Advised of change of care plan by letter – no proper
assessment; corrected by time came to court in UK
Ms McDonald argued breach of Art. 8 (right to a
private and family life, including physical and
psychological integrity), both in terms of procedure
and the on-going failure to provide services
UK courts had found the initial withdrawal to be
unlawful because of lack of proper assessment, but
held no breach of Article 8: provision of pads had
‘respected [Ms McD’s] human dignity and autonomy’
Even if there had been a breach of Art. 8, it was
justified because: ‘necessary... in the interests of...
the economic well-being of the country
Elaine McDonald Strasbourg case – Art 8 ECHR
Article 8 is a qualified right – unlike, say, the right to life –
can be justified under certain circumstances:
“1. Everyone has the right to respect for his private and
family life, his home and his correspondence.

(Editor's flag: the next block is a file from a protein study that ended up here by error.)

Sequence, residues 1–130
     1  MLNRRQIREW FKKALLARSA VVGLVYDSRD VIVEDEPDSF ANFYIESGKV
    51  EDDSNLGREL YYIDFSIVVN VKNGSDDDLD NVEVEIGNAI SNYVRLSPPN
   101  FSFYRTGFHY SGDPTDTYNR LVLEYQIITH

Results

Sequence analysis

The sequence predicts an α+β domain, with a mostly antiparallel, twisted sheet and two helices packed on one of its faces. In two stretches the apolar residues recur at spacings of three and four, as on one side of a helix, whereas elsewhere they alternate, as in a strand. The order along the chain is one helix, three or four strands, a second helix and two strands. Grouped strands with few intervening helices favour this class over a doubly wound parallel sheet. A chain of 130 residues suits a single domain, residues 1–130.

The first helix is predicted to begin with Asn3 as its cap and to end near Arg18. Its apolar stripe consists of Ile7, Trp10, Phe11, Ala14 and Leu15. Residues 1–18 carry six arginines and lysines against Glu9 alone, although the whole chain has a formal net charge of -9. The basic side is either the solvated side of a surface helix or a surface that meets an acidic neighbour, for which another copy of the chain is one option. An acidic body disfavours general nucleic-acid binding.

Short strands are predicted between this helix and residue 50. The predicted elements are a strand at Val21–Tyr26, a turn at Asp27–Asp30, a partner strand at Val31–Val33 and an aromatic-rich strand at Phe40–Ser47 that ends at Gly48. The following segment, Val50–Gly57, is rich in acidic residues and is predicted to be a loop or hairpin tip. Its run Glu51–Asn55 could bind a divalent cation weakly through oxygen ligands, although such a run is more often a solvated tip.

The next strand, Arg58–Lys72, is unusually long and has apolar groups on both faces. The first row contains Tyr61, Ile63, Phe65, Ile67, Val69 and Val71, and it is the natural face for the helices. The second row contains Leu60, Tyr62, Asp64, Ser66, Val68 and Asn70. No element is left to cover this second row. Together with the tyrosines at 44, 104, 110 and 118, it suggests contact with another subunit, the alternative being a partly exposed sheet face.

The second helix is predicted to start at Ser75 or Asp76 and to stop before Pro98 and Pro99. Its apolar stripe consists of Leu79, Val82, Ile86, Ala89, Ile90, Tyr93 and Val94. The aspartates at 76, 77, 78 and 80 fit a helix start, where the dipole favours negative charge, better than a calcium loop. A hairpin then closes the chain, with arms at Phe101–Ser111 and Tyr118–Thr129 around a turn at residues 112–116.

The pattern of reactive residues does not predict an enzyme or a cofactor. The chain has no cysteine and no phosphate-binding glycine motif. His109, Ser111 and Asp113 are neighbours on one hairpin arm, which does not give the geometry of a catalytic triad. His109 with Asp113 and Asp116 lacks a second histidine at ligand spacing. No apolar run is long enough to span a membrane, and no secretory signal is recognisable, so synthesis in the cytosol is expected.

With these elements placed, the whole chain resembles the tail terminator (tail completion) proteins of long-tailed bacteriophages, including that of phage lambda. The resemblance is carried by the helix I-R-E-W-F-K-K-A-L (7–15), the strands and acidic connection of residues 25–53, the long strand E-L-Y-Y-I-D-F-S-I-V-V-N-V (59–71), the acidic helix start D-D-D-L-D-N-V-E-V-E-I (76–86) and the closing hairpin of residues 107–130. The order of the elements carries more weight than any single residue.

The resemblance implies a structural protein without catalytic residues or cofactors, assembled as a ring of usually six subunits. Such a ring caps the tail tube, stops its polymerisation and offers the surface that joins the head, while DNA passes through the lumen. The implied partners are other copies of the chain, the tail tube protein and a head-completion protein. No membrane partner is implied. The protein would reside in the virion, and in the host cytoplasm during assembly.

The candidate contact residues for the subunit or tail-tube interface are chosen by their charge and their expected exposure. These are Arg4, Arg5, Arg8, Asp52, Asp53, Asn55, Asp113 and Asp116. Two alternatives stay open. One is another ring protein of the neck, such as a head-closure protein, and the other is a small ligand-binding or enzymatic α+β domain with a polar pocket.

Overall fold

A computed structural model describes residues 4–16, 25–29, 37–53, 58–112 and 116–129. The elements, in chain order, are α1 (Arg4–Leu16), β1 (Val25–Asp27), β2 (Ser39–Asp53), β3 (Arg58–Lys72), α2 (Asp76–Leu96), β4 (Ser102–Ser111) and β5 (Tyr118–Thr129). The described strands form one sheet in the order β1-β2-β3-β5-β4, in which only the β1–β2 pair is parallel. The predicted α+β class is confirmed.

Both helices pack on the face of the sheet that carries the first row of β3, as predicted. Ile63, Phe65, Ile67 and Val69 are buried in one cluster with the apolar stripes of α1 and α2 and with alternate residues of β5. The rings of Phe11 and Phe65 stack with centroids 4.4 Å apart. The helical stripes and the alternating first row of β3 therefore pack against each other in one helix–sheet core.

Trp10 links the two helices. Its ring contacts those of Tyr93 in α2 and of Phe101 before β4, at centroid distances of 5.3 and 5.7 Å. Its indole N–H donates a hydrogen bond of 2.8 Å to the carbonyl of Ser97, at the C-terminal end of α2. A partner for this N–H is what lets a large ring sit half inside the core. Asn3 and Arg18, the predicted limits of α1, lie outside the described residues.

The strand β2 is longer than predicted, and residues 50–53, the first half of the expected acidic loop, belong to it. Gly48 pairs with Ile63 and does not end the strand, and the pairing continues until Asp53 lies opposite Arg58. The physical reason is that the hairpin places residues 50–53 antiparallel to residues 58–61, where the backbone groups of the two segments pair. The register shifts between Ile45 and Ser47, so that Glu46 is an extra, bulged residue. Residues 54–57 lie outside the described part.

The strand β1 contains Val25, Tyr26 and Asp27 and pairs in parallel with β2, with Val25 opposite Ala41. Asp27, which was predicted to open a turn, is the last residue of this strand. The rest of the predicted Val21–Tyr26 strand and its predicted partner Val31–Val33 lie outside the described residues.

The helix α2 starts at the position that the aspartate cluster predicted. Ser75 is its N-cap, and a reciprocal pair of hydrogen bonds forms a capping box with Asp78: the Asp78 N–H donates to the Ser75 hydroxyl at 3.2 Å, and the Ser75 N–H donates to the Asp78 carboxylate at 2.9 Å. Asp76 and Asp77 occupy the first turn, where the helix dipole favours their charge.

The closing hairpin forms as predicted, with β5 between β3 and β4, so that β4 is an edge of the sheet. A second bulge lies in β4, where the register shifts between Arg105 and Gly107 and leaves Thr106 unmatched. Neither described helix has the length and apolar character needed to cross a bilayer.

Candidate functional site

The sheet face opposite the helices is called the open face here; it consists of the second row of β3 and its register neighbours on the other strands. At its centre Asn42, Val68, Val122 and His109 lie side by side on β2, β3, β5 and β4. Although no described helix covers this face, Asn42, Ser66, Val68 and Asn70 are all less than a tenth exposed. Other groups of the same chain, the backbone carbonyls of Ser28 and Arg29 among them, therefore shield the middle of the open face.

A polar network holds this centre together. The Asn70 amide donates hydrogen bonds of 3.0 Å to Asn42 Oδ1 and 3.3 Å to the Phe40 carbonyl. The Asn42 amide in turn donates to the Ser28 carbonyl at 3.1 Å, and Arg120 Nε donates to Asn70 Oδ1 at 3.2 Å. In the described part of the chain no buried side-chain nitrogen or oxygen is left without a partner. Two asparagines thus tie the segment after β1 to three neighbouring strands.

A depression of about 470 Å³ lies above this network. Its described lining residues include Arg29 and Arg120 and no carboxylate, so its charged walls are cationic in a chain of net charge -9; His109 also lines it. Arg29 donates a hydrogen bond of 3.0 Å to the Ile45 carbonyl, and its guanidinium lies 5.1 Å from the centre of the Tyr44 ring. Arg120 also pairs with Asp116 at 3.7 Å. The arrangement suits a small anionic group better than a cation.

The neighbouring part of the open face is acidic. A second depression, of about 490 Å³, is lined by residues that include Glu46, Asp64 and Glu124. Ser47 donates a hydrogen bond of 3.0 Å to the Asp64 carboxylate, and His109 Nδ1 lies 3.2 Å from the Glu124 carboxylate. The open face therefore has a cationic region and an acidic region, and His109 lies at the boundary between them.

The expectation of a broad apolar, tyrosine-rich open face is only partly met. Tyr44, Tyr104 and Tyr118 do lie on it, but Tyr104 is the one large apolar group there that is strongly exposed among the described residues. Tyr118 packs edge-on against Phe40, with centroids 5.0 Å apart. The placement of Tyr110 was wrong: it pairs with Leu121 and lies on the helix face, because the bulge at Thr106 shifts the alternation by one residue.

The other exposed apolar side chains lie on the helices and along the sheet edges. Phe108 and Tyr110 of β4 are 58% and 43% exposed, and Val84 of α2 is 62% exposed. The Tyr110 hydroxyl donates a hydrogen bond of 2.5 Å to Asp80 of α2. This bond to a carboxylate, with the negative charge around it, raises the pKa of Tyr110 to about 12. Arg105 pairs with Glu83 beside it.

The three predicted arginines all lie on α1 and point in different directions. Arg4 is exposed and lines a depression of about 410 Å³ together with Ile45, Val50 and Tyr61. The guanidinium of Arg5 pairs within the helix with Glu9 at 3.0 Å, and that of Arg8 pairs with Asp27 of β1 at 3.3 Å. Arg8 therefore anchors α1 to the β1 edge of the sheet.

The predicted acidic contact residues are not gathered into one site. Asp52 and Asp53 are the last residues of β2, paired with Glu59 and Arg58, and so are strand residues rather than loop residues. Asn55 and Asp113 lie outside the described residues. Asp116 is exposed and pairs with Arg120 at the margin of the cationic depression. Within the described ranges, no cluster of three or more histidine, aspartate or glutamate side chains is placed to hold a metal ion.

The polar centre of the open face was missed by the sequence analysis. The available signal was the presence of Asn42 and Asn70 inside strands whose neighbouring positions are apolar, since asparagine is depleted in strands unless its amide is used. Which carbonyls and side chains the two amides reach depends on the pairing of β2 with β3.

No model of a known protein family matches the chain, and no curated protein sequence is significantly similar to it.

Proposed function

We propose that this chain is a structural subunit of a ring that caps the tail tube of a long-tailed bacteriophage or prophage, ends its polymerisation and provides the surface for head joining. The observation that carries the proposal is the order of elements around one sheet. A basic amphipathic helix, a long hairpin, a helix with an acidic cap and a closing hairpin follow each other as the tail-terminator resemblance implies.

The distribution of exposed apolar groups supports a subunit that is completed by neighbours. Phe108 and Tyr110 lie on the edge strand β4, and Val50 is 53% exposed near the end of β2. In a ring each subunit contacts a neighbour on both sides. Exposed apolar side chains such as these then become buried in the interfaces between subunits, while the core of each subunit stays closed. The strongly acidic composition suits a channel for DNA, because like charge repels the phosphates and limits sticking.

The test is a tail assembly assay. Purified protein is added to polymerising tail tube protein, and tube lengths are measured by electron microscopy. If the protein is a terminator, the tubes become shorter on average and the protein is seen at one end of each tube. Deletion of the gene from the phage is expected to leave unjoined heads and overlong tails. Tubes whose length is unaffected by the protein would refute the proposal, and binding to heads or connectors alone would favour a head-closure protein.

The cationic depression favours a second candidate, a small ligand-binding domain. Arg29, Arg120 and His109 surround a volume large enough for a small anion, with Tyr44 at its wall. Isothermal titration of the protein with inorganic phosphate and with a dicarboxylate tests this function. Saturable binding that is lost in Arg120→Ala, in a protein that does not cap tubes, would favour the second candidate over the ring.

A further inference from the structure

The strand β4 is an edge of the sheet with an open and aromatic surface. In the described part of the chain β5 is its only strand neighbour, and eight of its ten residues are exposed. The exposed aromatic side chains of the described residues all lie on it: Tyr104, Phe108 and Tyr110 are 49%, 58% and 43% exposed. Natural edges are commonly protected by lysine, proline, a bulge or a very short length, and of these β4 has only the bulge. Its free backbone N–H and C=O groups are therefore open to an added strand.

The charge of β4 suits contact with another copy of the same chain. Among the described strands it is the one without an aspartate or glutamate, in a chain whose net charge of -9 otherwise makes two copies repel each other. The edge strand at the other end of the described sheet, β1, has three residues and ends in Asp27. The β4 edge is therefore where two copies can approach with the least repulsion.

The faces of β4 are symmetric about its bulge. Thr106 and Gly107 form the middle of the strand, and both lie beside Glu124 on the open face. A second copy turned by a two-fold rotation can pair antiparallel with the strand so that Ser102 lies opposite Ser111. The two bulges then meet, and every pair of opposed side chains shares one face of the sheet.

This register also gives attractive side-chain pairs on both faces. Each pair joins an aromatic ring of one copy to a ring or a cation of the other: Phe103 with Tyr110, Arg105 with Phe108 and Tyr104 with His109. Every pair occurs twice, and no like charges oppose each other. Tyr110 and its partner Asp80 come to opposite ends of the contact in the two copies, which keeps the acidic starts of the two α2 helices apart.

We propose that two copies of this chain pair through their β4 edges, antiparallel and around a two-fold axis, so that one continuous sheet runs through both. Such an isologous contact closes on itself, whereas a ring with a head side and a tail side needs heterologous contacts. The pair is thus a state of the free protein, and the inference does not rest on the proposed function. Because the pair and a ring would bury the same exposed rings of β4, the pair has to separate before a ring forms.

2. There shall be no interference by a public authority
with the exercise of this right except such as is in
accordance with the law and is necessary in a
democratic society in the interests of national
security, public safety or the economic wellbeing of
the country, for the prevention of disorder or crime,
for the protection of health or morals, or for the
protection of the rights and freedoms of others.”
Elaine McDonald Strasbourg case – Art 8 ECHR
European Court of Human Rights (ECtHR) judgment:
 Complaint did fall within scope of Article 8, not least
because of impact on her human dignity
 First finding by ECtHR of a breach of Article 8 in the
context of social care
 But the breach was for withdrawal of night-time care
– a negative ‘interference’ with her right to respect for
private life – rather than failure to positively respect
her right by providing the service
 So it was only unlawful for the period before a proper
assessment was done to change the care plan,
because during that time the interference was not ‘in
accordance with the law’ so could not be justified